The #mathphoto15 challenge is happening on Twitter this summer, hosted by an enthusiastic international cadre of #MTBoS members. The challenge runs June through most of August and is being broadcast in English, French and Spanish.
The premise is simple, the results are inspiring. Photos that illustrate each week’s mathematical theme are posted to Twitter using the #mathphoto15 hashtag and can also be viewed in the associated Flickr photo stream. We are heading into our third week of the challenge focusing on tessellations, wallpaper groups and frieze patterns (#tiles). Our Week 4 challenge is the enigmatic prompt of “three,” suggested by the inimitable Christopher Danielson. We hope you (and your kids and/or your students) will ponder the weeks’ challenges throughout the summer, keep your cameras nearby, and add to our joyful and growing collection of inspiring mathematical images!
Why take photos of math ideas in the everyday world? Even if something seems “obvious” we can still deepen our understanding of a mathematical object or idea by comparing it against non-examples or almost-but-not-quite examples outside of more familiar mathematical contexts.
Consider our Week 1 theme of arrays. Is the image below, posted by @ms_hansel, an array? What properties are you focusing on when you give your answer?
Or how about this image from @julietaSpace? Is this an array?
Or what about this?
What are the essential properties needed to define an array? Can an array be circular? What is the difference between a rectangular and a circular array? Does the shape change the nature of the information we can find there?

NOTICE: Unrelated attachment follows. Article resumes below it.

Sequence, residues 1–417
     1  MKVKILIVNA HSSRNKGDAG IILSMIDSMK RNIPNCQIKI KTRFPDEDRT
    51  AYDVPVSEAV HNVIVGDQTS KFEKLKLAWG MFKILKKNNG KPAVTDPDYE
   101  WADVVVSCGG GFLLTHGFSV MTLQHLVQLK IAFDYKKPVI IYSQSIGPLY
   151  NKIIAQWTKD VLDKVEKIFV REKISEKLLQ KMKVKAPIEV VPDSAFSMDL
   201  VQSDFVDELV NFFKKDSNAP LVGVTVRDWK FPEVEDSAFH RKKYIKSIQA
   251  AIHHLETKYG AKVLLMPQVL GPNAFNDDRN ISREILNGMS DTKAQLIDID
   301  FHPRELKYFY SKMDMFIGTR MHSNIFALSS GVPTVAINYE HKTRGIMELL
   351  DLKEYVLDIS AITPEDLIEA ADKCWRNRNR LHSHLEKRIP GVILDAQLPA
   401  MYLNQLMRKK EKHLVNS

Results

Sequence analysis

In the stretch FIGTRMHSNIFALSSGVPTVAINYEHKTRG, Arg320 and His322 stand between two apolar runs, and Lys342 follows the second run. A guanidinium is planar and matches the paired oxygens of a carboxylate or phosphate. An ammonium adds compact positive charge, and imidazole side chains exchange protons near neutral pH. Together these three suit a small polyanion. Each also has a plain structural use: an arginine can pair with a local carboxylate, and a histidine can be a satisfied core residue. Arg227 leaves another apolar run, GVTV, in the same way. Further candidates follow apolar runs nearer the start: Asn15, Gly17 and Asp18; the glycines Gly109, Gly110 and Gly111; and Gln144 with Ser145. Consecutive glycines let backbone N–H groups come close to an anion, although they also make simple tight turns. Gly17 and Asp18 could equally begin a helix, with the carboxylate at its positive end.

In addition to viewing the photos we are also having interesting and useful conversations about the images. And, in a wonderful turn of events, moving examples (videos, gifs and other animations) are being added into them mix to help us further deepen our understanding and conceptualization of these foundational mathematical ideas.
We hope you will join in the fun and conversation this summer. The challenge has already been inspirational to many, and the Flickr photo stream has already been useful for educators who were still in school during the first half of June. Check out the weekly challenges on the Summer Photo Challenge Website and then start playing! We can’t wait to see what you find!
Written By Malke Rosenfeld (@mathinyourfeet)
Sahar Khatri (@KhatriMath) adds some other tips on how to participate:
- Identify the week’s theme and tag by checking out this page. The challenge is currently running it’s third week with #tessellations. Here is a quick cheat sheet for the entire summer.
- Take a picture and share it on twitter using #mathphoto15
Many schools across the country are on their summer breaks, but I have a few more weeks left with my students so this is also a great engaging opportunity to get my students involved. Since the challenge continues through August, I am excited to see how many of my students continue during the summer. Don’t forget to share this with that friend…you know the one who always takes pictures of everything. Challenge them to find curves, lines, tessellations, symmetry, and so on.